Rudd either doesn't understand or pretends not to understand that tapping someone's phone is not at all the same as intercepting their encrypted messages.
"It used to be that people would steam-open envelopes or just listen in on phones when they wanted to find out what people were doing, legally, through warrantry," she said.
And that's fine.  Surveillance is sometimes necessary and by definition invades the privacy of the person being surveilled. Traditional surveillance such as this results in collateral damage, too, which is regrettable: innocent people who happen to call a terrorist are targets for further investigation, for example. But even I agree that some degree of surveillance is needed for general safety. People need to be followed. Rooms need to be bugged. Phones need to be tapped.  Knock yourself out.

What Rudd either doesn't know or pretends not to know is that tapping someone's phone, bugging their rooms or following them about are fundamentally different to intercepting their encrypted

Here's why: tapping a suspect's phone doesn't automatically tap everyone else's phone.  Decrypting a suspect's messages pretty much does.

There's no way to provide a back door to encrypted messages that only law enforcement can use.  Criminals will almost immediately gain access to any such back door through either hacking or good old-fashioned extortion or bribery. If there are back doors, criminals will have the keys within a few hours at most.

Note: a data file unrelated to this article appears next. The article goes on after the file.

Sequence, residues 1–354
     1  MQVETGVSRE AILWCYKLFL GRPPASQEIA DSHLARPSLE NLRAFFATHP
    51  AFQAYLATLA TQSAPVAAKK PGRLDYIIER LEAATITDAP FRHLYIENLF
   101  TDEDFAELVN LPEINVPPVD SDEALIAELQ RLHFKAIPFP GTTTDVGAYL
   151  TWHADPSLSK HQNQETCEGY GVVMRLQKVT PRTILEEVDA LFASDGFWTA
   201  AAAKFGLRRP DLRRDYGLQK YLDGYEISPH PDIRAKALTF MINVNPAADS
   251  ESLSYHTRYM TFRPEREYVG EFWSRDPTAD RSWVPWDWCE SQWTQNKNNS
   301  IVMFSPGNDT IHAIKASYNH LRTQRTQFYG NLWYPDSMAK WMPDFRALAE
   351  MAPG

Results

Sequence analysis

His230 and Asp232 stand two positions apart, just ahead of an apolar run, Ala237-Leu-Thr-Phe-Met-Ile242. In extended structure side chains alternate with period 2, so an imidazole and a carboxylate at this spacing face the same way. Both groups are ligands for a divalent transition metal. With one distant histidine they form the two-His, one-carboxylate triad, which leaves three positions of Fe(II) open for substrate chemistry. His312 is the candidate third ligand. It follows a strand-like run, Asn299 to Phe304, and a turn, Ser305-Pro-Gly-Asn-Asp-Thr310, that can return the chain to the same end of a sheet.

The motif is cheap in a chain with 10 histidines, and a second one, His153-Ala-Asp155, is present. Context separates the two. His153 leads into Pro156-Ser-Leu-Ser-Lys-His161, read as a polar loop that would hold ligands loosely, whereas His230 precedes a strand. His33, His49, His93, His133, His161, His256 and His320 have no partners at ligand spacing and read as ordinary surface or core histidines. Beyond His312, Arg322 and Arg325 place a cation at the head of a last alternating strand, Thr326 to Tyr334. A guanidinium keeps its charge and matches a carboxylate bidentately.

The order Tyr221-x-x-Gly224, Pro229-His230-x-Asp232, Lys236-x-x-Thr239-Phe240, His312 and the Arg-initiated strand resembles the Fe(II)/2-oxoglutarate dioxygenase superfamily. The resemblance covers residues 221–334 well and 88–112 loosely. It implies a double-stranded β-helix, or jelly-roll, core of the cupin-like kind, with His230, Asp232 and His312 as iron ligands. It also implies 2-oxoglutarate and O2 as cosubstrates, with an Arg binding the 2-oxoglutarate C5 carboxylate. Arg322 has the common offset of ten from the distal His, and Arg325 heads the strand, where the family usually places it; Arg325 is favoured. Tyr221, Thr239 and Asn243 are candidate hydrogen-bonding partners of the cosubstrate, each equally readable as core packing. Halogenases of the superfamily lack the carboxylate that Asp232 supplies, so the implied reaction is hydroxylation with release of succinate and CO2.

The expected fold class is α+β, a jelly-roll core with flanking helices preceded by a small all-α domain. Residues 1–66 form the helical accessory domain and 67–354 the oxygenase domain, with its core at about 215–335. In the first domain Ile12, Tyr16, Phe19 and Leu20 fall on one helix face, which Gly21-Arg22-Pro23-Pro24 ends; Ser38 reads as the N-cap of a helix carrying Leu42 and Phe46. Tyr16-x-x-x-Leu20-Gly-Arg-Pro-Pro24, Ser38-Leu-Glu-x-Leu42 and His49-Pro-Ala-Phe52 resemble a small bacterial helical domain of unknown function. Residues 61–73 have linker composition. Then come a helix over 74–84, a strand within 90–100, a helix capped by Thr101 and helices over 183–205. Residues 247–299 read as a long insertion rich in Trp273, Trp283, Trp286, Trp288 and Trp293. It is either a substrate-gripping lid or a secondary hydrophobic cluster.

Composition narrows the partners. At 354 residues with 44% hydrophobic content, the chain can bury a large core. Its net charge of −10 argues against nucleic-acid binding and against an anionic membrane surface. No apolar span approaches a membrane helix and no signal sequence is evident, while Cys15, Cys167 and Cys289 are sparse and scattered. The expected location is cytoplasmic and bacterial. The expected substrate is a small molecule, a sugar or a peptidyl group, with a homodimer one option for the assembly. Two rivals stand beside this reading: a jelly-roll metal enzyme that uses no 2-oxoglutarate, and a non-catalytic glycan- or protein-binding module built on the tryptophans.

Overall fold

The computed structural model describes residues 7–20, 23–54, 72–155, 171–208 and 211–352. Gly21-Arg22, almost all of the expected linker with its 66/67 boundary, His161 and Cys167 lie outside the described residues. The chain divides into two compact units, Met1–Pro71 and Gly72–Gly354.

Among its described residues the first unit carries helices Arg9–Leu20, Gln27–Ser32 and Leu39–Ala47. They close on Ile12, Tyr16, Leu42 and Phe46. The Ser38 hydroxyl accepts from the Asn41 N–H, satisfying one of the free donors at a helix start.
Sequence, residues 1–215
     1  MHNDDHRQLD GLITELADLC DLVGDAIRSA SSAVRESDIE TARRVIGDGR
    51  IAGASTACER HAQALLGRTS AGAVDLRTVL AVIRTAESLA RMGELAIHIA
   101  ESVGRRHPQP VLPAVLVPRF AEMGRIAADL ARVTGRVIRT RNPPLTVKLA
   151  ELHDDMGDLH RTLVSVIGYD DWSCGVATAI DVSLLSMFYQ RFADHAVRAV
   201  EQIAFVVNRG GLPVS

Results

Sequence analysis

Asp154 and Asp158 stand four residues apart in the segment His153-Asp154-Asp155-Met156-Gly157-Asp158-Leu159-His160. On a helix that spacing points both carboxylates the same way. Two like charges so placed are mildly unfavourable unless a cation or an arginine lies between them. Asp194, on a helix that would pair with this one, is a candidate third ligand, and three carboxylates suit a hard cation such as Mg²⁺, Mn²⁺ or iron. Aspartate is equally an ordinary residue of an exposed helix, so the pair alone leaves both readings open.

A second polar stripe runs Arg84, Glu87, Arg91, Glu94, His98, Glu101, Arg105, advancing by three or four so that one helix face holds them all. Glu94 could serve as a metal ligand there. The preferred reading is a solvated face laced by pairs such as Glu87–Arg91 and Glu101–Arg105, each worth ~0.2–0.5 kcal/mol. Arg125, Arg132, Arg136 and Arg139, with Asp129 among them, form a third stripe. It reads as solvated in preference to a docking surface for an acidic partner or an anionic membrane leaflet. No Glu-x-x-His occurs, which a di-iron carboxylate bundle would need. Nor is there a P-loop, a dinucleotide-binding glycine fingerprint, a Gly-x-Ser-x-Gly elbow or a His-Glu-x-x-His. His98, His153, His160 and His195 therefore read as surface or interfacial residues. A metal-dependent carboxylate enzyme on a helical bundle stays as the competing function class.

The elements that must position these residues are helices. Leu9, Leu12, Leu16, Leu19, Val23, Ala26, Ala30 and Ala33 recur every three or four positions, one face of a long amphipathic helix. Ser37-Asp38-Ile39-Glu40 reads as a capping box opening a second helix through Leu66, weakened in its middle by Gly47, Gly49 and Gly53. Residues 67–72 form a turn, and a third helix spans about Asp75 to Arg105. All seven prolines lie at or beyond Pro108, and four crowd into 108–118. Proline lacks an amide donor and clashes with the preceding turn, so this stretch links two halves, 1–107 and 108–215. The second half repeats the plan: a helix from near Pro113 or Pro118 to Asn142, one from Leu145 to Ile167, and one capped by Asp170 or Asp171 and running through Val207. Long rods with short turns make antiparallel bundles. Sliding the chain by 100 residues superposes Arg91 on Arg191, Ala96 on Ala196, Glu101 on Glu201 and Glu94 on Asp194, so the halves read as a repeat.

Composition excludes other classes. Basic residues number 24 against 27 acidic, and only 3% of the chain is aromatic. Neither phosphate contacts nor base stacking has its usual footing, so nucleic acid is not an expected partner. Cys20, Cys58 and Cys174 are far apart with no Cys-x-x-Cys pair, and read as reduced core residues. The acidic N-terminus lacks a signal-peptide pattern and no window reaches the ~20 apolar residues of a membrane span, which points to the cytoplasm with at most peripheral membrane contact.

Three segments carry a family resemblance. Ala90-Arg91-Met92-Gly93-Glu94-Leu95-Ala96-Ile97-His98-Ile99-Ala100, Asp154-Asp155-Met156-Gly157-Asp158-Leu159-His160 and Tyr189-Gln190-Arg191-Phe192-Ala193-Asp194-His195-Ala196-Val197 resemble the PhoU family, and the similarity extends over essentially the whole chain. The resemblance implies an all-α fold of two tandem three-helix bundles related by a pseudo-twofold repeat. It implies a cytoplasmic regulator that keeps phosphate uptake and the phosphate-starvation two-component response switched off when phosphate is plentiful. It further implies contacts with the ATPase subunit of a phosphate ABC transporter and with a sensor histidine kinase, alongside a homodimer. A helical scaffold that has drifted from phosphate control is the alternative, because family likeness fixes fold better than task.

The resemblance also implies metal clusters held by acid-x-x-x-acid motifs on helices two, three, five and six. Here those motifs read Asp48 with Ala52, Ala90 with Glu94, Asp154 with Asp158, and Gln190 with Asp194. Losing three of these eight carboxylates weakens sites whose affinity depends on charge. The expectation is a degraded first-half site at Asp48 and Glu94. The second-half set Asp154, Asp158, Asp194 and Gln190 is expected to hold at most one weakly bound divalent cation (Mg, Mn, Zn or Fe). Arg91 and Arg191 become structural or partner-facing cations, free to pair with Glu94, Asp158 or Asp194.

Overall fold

But that's not even the greatest threat.  Missions will creep.  Introduce cryptographic back doors and governments will very soon be decrypting people's messages to assist in enforcing parking fines.  That's a small step from the mass use of communication data to mine for suspects.  We don't need to rely on literature to tell us how bad an idea that is, real-world examples abound. To pick one of the (relatively) less horrifying examples, the United States of the late 40s to mid 50s suffered from almost literal witch hunts targeting people deemed disloyal or subversive.  Needless to say, the definitions of those charges changed on the basis of convenience.  All it took for the government to take action against someone they didn't like was a noisy accusation from a member of the public that they were a communist.  The only possible aim of mass surveillance is to associate people with labels based on arbitrary criteria. History - in this case and many others - tells us why this is a bad idea.  Data mining can cheerfully construct any label about any person. It's a means of constructing evidence for an already decided conclusion.  We only have to look in detail at, say,  the arrest and conviction rates of white and black people across the US to understand that this is a really terrible idea.

Surveillance is OK as a general concept but already widely abused.  Mass surveillance is never OK.  It's about fitting people to crimes rather than crimes to people.  It's about removing freedom in the name of freedom.

Make no mistake: Amber Rudd's call for law enforcement agencies to have access to encrypted communications is a significant step toward mass surveillance.  Remember also that surveillance infrastructure and culture is not something you can easily take back.  The opposition party tutting at laws that increase surveillance will certainly use and expand them once they are in power.